Tag Archives: Direct to video

APOCRYPHA CANDIDATE: WINTERBEAST (1992)

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DIRECTED BY: Christopher Thies

FEATURING: Tim R. Morgan, Mike Magri, Bob Harlow, Charles Majka

PLOT: On top of a mountain near the remote Wild Goose Lodge, ancient Indian stop-motion demons are stirring.

Still from Winterbeast (1991)

WHY IT MIGHT JOIN THE APOCRYPHA: There are numerous bizarre touches scattered throughout Winterbeast, but there is one scene that earns this scrappy little amateur film an outside shot at our list: an unexpectedly ian masquerade at about the two-thirds mark of the movie, scored to a scratchy phonograph recording of the children’s song “What Can the Matter Be?”

COMMENTS: Begun in 1986 and released (to VHS) in 1992, Winterbeast is a few minutes of fairly competent stop-motion animation padded with about 75 minutes of totally incompetent live-action story. The action features mostly cardboard characters, with the exception of a hard-drinking, girlie-magazine loving NYC reprobate park ranger, and a plaid-jacketed businessman who sounds like Larry “Bud” Melman and does for New England wilderness lodges what Jaws‘ mayor did for public beaches. It’s nowhere near a good movie, but it has a small cult following for a reason: it’s peppered with weirdness.

Some of the weird bits are just the sloppy mistakes you usually find in bare budget films. There is, for example, a moment when a man breaks out a glass pane in a door window, presumably so he can reach inside and undo the lock. But when he strikes it, the door immediately swings open, because it wasn’t locked at all. So why didn’t he just use the door handle in the first place? (Maybe because the door in question doesn’t even have a handle.) With segments filmed over a period of years, there are constant editing boo-boos: shots from the same scene are often poorly matched, using different film stock and sound equipment (and sometimes costuming). Lead Tim R. Morgan’s mustache appears to change length and even color randomly throughout the movie.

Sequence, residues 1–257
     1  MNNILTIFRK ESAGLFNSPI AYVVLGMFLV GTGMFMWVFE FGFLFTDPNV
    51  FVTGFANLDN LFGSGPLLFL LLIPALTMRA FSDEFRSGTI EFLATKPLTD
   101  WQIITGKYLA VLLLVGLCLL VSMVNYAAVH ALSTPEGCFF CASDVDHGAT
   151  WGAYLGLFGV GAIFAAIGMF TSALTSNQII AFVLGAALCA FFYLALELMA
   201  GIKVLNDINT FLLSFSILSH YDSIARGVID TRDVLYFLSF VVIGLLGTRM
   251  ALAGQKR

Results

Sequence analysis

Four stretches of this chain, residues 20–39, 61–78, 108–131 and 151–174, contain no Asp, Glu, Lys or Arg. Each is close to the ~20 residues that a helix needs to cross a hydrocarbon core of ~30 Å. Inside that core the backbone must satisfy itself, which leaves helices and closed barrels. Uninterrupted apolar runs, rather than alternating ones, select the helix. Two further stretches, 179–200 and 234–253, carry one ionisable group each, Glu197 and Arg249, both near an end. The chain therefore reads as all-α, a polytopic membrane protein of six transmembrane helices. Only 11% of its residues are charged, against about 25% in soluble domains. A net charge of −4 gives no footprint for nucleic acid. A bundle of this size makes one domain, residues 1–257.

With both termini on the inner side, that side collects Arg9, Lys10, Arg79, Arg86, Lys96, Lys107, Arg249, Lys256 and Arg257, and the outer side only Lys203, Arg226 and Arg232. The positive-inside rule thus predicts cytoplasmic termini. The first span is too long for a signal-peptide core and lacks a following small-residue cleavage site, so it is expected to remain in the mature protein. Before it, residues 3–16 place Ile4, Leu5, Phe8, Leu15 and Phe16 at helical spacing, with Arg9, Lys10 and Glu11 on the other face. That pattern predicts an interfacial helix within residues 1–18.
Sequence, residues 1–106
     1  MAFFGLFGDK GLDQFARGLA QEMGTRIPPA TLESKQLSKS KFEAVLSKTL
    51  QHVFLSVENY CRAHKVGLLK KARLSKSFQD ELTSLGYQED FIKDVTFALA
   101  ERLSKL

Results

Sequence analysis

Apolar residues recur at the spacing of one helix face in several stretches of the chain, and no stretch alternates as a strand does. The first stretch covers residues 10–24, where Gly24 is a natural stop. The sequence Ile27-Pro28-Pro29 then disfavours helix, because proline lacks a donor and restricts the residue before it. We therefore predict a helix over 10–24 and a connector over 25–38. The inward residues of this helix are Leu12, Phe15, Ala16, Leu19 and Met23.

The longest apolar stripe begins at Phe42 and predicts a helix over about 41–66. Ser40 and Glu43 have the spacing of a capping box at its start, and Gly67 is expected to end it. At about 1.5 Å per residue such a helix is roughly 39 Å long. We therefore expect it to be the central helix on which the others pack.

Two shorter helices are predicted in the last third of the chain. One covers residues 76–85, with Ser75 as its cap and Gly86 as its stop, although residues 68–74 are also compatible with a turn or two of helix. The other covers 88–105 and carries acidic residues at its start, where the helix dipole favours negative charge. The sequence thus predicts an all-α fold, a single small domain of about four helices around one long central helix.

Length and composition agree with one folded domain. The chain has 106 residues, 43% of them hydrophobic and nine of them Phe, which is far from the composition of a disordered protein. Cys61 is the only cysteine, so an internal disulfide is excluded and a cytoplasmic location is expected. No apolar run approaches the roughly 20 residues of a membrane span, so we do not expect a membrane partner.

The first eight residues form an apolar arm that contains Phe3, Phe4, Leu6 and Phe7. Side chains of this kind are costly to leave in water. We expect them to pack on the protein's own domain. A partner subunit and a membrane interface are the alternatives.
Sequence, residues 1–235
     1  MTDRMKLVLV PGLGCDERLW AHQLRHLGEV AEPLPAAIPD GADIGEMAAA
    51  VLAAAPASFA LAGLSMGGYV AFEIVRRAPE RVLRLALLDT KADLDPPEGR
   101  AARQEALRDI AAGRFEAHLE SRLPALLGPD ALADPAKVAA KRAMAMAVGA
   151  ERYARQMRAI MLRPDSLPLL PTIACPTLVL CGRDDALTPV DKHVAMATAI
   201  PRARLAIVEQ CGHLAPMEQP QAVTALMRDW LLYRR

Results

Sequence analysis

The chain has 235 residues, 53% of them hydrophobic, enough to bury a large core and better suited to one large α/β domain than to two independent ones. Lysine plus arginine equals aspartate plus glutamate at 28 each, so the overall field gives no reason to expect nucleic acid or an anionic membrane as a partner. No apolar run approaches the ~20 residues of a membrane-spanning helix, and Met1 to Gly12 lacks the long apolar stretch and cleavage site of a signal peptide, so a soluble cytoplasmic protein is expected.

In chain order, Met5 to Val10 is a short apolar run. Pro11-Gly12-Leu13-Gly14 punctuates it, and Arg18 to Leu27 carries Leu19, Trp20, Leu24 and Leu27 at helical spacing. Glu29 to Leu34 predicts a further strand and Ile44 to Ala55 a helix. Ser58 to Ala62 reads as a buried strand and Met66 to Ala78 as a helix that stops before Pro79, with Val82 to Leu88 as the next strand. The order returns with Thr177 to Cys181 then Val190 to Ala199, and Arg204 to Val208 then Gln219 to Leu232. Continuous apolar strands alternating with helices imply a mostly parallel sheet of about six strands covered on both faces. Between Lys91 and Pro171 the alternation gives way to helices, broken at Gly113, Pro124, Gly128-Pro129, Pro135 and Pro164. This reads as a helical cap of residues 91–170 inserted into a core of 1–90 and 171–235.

These mistakes are likely the result of little care being put into anything except the monster sequences. But other flakes of weirdness are almost inexplicable: when Charlie opens his case of Indian artifacts, there’s one item that’s very out of place (I won’t spoil the surprise, you’ll know it when you see it). There are just plain goofy moments, such as when a character unconsciously copies a pose of a cigar-store Indian statue. (It’s worth shoehorning in here that Winterbeast‘s understanding of Native American ethnography appears to be based on research done at 1980s off-reservation souvenir shops.) And then there’s the previously-referenced musical number, complete with a plastic Halloween pumpkin prop, which is a genuine mini-masterpiece of microbudget surrealism.